This book is a 2013 Cybils YA Speculative Fiction nominee.
I think the cover on this book attracted me initially. I love all things autumn, and, okay, if you're going to get real with it? It's all about the half-life, decay-state this time of year. It's all rot. It's pretty rot, yeah, but... decay. Decomposition. Death. Yay, Autumn! So, the cover is all gorgeous swirls of type and a tree trunk silhouette in rust, tans, siennas and brown, with tiny threads of green. It is really gorgeous, and it's really wonderful that they didn't attempt to pictorially depict the characters or the details of the book in any other spoiler-y way. Love it, way to go design team!
Admittedly, I didn't know what to think when I started this book. I thought, "Okay, I have lunch in half an hour, I'll give it a shot..." Well. Now lunch is half cold, but the book still has me. While there's some tired tropes - Mean Girl who never gets a real confrontation, a weird loose end about a grandmother, which may or may not be tied to a sequel, baffling, single-dimensional parents who aren't adequately explained, and a sort of lockstep feel in how Ellie is treated at school - no school population is ever 100% behind a certain activity or attitude, so I find Stepford students hard to buy. But -- this novel's speculative "power" was fresh and unusual, and thought this is more drama than humor, this novel reminded me it's about time to reread Hold Me Closer, Necromancer, because... well, decay, right? It's that kind of thing. An intriguing debut from Sylvia Lewis.
Concerning Character: Ellie Miller has a ...condition. It's not something that gives her much of her life. Her Dad works eighty hours a week, her mother makes sure she's out of the house unless Ellie is asleep, or separated from Ellie by a layer of latex and a spray bottle of bleach. They communicate with series of notes -- Mom writes, Ellie ignores. She's pretty sure she could pick both parents out of a lineup... maybe...
It's not any better at school. Everybody knows who she is -- Typhoid Mary. Everybody knows not to sit anywhere near her, because around Ellie, things happen. They ...fall apart. Literally, like. Dissolution. Decomposition. Decay. She has a pair of gloves that must be kept dry. Sweaty hands make accidents. She has a one-desk circumference of silence and distance her peers and classmates keep from her. Even her teachers are afraid of her.
You'd think that would mean she wouldn't be bullied. I mean, no one wants some Ebola-by-touch thing happening. But, Amber - aka Supreme Bitch-Queen From Hell - knows that Ellie is good, that she wouldn't infect someone with a flesh-eating virus just because they pissed her off. She sucks up all the insults, the hurtful nickname, the thrown food, and the tripped Goth kids, and just... endures. Her upbeat mother is sure she'll be able to live a normal life someday -- and her father is kind, but...distant and clueless and, even with his kindnesses, usually really behind the ball. Ell is sure they'd love to imagine a life without her -- or, a better life for her. Or something. But, she can't possibly figure out how that could ever, ever be...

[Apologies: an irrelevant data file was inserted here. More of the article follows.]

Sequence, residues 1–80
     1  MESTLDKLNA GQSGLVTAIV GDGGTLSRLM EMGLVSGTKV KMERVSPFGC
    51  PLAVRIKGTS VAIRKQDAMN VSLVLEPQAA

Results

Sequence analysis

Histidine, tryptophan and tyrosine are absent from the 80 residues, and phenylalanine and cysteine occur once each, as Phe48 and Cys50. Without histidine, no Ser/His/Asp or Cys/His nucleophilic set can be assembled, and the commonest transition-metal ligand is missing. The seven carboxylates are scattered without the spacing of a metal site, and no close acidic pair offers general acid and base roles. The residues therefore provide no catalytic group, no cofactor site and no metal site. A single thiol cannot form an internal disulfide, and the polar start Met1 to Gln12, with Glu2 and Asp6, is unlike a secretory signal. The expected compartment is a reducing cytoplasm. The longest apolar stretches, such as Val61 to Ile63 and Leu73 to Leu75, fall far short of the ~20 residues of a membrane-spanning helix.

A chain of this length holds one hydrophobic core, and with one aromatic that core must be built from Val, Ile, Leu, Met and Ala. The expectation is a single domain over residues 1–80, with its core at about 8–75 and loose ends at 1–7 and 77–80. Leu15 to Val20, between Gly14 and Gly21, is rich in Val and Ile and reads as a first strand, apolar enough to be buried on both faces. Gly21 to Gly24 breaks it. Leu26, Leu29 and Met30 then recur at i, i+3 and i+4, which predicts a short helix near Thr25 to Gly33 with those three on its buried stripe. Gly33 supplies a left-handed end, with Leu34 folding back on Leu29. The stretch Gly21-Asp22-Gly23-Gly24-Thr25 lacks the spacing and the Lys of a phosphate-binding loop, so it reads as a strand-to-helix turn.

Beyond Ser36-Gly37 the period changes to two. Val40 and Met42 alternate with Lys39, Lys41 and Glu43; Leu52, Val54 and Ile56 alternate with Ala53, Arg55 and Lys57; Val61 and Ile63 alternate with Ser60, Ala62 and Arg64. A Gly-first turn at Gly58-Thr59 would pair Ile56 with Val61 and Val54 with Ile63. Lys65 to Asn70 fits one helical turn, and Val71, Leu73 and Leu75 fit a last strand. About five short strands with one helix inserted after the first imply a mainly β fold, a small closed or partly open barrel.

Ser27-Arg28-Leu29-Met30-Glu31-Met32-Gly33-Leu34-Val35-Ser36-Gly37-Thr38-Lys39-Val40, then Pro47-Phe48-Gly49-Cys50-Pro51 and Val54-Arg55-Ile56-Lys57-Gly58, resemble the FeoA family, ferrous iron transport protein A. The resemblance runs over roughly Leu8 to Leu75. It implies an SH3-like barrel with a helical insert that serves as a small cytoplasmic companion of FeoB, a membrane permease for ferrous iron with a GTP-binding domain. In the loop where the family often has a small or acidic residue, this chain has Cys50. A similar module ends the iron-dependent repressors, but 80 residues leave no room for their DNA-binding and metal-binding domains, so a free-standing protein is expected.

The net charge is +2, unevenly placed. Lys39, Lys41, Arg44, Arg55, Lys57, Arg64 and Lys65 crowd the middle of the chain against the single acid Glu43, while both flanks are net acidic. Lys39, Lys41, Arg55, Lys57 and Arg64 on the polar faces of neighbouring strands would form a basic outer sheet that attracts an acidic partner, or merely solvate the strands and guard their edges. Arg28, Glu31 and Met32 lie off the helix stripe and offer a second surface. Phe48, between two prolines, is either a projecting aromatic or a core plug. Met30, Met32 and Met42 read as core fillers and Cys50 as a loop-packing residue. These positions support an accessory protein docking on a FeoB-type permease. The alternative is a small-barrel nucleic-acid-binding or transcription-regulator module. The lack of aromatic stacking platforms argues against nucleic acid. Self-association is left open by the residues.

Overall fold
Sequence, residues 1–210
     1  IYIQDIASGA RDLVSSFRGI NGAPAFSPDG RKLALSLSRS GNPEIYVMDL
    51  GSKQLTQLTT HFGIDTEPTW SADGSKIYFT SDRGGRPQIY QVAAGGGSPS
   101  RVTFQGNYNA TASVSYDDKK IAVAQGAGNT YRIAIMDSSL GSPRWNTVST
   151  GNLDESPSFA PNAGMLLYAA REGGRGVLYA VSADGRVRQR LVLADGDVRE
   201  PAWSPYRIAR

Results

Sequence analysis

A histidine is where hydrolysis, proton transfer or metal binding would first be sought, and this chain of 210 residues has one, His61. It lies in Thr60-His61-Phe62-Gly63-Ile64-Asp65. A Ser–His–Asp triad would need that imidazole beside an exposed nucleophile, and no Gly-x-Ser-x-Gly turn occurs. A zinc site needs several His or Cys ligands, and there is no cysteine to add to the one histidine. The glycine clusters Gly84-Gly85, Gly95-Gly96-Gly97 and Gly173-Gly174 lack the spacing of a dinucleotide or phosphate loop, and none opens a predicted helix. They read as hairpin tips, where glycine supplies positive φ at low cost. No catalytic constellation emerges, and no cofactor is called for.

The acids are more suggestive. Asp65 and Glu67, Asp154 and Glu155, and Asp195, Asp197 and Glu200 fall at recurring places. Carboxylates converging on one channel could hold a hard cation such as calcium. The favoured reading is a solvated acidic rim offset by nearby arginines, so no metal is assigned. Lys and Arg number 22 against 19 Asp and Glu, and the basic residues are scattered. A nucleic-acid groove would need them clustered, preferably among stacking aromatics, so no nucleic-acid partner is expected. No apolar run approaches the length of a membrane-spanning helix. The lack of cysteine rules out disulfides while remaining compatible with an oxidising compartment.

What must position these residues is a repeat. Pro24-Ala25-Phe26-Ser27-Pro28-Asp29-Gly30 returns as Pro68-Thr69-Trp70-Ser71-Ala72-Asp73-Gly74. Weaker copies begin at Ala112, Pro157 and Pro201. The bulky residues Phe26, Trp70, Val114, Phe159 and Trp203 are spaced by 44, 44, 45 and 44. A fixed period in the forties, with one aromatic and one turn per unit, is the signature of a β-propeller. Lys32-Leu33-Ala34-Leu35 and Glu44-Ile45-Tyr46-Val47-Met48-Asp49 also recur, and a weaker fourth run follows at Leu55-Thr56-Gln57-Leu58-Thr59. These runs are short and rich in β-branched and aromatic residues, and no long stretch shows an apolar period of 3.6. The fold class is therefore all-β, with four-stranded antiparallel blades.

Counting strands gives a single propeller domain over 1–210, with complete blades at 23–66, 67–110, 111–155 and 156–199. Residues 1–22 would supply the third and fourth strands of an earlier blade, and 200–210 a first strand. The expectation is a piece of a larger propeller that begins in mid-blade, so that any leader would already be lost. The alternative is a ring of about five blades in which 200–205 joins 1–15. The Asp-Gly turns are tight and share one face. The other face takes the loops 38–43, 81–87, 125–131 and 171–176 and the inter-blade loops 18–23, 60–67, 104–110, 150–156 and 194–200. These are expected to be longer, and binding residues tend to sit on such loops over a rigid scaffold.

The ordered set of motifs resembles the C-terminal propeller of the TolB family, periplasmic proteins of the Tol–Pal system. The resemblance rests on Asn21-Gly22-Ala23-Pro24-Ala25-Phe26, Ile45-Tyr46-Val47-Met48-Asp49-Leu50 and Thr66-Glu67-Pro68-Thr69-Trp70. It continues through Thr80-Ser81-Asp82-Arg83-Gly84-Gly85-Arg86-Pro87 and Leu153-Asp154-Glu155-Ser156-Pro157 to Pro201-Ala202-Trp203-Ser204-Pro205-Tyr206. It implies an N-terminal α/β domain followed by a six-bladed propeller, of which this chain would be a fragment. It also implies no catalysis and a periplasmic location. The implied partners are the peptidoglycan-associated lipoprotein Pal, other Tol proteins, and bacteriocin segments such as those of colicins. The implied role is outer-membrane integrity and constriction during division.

If it weren't for computers, Ellie would have nothing and nobody -- but she has Mackenzie, a true blue buddy who cheers her up with insults and funny fan fiction when she's sad. At least Mac's not afraid...but, she would be too, if she was with Ellie in person. It's not easy to be alone in a world where everyone fears what you can do. Ellie can't see the point of her life.
Until one day, fate, in the form of a new student, sits in the desk next to hers.
Nate McPherson cannot be discouraged, disgusted, or deterred. She can't warn him, snark him, or scare him away. He keeps coming back... and Ellie has the mind-boggling experience of, for the first time in her life, finding someone who maybe might ...understand? But, Nate's got secrets of his own, secrets that bring Ellie right out of her comfort zone. Most of us would risk a lot, for a friend. If it's the first friend you've had who knows what you are, and doesn't care? Then, maybe you'd risk everything...
WARNING: Every single-celled animal wants to multiply. Knowledge is power. A grandmother can be a literary loose end. Reading while operating heavy machinery is hazardous to your health. All things must die. "Ashes to ashes" is really inaccurate; it should be dirt to dirt. Bleach is not the answer.
This book came courtesy of its publisher. You can find BEAUTIFUL DECAY by Sylvia Lewis online, or at an independent bookstore near you!